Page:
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Growing Broccoli

by Stephanie Suesan Smith on December 10, 2010

Broccoli is usually grown from transplanted plants rather than seed.  This is because it does not tolerate hot temperatures and will bolt, or bloom, when it gets warm.  Once it does, the broccoli becomes inedible.

Transplants can usually be obtained from a nursery or feed store in your area.  They are put out about a month before the last freeze date.  In my area, we plant them the first week of February.

Before planting your broccoli, work about 5 pounds of 5-10-10 fertilizer per hundred square feet into the soil.  This should be done about a week before planting.  Set your plants 18 inches apart.  The rows should be 30 inches apart.

A starter solution of one cup of 5-10-10 fertilizer per 12 quarts of water should be used to water in the plants.  This will help get them growing.  During the growing season, side dress nitrogen at the rate of one tablespoon per plant about three weeks after they are planted.  Do this again in two weeks, then two weeks more, for a total of three nitrogen applications.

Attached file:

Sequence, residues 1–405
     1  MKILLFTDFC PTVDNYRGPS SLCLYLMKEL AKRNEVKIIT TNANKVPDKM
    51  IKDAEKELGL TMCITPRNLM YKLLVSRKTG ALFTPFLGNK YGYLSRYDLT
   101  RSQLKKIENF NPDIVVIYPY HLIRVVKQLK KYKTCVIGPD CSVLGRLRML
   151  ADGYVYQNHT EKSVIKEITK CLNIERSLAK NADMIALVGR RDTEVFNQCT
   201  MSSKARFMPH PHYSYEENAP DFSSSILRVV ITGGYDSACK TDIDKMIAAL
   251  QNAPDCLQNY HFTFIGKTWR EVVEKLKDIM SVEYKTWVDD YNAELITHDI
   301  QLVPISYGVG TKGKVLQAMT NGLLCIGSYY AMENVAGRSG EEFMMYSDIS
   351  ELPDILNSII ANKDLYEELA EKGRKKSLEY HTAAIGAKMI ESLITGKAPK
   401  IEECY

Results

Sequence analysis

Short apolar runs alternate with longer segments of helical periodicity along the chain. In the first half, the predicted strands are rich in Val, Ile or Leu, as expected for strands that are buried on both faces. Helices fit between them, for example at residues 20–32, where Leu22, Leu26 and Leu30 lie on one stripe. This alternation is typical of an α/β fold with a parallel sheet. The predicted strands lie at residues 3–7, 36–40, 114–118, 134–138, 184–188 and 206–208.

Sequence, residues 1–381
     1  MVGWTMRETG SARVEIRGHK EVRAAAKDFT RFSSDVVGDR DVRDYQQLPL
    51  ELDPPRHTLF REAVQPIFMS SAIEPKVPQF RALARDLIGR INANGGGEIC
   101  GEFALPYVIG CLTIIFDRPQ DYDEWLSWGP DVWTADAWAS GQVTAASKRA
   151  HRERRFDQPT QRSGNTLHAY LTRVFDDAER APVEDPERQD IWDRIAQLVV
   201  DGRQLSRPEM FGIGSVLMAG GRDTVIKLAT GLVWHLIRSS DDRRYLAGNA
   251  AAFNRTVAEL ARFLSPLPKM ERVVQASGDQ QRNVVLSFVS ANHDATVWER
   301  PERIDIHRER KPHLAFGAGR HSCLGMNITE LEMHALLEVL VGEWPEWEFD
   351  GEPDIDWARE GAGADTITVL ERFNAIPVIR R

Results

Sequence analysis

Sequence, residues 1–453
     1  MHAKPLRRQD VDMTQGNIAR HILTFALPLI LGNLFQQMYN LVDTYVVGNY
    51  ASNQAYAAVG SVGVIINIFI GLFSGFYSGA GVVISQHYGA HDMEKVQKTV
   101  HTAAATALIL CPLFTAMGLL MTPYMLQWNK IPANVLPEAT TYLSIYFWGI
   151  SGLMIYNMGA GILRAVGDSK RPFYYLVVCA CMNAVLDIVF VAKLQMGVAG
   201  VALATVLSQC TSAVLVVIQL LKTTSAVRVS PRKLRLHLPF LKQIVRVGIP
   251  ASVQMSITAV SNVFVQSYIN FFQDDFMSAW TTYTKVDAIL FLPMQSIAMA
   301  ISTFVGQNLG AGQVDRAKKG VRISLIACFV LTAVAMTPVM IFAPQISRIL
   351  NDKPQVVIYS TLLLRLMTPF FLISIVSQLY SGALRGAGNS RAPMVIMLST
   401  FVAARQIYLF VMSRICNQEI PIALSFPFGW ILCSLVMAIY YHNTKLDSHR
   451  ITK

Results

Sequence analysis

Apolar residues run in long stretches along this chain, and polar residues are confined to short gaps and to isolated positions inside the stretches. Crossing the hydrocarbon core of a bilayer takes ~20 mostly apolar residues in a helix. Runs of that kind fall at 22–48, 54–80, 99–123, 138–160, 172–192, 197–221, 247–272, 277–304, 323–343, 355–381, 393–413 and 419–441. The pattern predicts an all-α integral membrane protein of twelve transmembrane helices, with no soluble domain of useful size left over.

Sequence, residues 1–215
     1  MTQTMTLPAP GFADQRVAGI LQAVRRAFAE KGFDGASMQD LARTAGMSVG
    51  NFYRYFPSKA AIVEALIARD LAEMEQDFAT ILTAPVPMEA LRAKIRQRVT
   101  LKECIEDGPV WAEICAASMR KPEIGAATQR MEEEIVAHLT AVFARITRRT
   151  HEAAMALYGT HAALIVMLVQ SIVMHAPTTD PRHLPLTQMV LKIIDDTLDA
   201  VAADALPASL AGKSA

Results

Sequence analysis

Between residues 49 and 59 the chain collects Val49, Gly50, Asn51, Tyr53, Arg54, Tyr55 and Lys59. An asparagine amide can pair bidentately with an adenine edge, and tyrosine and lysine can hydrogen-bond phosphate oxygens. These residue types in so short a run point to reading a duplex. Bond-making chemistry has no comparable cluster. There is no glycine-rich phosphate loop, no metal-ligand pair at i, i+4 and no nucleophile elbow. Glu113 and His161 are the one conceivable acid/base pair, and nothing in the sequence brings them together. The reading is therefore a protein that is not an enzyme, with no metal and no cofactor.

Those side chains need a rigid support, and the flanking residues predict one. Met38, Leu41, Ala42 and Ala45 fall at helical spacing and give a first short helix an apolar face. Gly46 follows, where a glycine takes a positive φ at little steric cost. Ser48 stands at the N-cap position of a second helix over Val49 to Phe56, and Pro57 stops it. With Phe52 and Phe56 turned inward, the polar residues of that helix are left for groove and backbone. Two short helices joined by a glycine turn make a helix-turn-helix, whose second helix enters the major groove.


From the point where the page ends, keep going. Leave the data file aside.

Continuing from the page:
If you cut the broccoli head off as soon as it is big enough to eat, the broccoli plant will often make some shoots to the side that are also good to eat.  They are not as big as the main head, but are nice for salads or dip.

Broccoli are vulnerable to root maggots, club root, and worms in the broccoli head.  Consult your Extension Agent for control methods.

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{ 2 comments… read them below or add one }

Morrie Hudiburg April 13, 2011 at 10:37 pm

Fresh grown broccoli sounds do good! I wish I had the room for a vegetable garden.
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Stephanie Suesan Smith April 14, 2011 at 7:48 am

You can grow most vegetables in containers. Just choose pots at least a foot deep for regular vegetables, or two feet for root crops. You might look at some of the literature on square foot gardening and just use a pot for each square foot.

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